I arrived around 4:30. It was raining. Mom was at work. My younger host brother immediately began cooking food for me. I’d tell you his name, but when I met him for the first time, his name was too hard for me to pronounce so mom just said to call him “Baga” which I thought was a nickname, but it turns out it just means he is the youngest of the family. Anyway, he made a rice stir fry and didn’t accept my offer to help. While he was chopping and stirring, we chatted. It was so different from those first few weeks. I remember he took me for a walk my first weekend and he tried to teach me to count to five. I could get 1 and 5, which are each one syllable, but 2, 3, and 4 were all slurred together; I just couldn’t hear where one stopped and the next started.

Another story from that first weekend: Baga was asking me for the English names of the foods we were eating. I answered, potato, cabbage, or carrot and he repeated. Then, he held up something I didn’t recognize, because it was sliced and cooked. It was yellow, darker than a potato, but lighter than a carrot. I said that I didn’t know, and sure enough, he repeated, very carefully, “I don’t know” as if that was the name for turnip! In our first two “survival Mongolian” lessons, we’d learned important words like toilet (for the outhouse), toilet paper, meat, fat… we’d also learned the phrases, “What is this?”, “I like…” and “I don’t like…” But, we hadn’t yet learned how to say “I don’t know” in Mongolian. Lost in translation.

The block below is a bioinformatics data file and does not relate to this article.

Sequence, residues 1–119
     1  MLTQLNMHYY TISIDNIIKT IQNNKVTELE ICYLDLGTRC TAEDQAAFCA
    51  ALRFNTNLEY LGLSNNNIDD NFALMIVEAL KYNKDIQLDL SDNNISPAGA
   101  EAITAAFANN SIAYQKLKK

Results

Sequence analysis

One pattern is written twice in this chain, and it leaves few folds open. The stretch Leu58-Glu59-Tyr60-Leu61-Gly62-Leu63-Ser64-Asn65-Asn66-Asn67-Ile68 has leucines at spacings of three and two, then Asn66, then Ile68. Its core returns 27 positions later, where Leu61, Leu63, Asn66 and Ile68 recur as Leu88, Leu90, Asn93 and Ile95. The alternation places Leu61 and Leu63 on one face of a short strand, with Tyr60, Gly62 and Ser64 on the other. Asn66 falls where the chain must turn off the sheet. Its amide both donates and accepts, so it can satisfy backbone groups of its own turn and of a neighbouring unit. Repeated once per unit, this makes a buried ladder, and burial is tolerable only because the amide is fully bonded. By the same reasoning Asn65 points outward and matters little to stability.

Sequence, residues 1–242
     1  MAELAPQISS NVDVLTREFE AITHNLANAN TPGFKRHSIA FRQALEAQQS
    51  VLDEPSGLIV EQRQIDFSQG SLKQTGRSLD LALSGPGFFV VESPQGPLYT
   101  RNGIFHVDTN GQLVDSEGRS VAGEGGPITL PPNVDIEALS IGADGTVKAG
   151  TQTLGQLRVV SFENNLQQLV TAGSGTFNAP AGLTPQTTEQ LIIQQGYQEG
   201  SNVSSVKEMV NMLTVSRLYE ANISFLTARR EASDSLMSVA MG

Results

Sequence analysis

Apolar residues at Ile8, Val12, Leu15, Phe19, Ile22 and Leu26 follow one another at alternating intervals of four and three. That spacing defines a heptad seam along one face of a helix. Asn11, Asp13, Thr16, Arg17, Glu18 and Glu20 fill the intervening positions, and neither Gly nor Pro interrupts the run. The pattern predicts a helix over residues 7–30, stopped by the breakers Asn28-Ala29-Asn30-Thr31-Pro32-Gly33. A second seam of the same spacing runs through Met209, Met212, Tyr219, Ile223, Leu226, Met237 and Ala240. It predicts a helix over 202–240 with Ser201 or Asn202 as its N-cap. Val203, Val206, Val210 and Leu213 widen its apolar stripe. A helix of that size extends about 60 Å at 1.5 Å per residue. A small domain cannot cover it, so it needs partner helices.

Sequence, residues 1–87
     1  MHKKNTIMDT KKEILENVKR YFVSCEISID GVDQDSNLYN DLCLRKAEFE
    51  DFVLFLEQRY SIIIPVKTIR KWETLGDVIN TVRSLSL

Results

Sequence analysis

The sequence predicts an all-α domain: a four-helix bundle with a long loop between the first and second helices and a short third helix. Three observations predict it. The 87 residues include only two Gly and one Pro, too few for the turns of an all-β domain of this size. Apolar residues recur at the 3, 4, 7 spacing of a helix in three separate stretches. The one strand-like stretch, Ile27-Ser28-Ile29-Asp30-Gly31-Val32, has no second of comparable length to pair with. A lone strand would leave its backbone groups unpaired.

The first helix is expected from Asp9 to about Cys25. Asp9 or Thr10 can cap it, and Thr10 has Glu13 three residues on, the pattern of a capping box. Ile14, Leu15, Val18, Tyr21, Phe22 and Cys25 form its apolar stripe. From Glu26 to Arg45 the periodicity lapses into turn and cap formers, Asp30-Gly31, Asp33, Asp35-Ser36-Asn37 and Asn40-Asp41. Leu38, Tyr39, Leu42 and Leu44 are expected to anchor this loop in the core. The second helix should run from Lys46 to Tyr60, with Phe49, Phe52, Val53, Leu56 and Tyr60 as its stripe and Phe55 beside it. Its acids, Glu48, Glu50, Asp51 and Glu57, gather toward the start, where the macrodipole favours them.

When my mom arrived, one of the things she noticed was that I had the same sandals from two summers before, when I lived with them. She said they must be very sturdy. But, I reminded her that I don’t wear them for the 8 months of winter, and I was also able to say that Govi-Altai was very dusty so that I didn’t wear them too much there in the summer, either. I was able to tell her about my summer travel plans and that I wouldn’t have a job after the following Wednesday and that when I returned home I’d be living with my brother’s family while I figured out where to live and work permanently. Then, I heard her repeating all these things when she was talking to my sister or dad or a friend on the phone, so I knew she understood me, and it was great to realize that I understood her.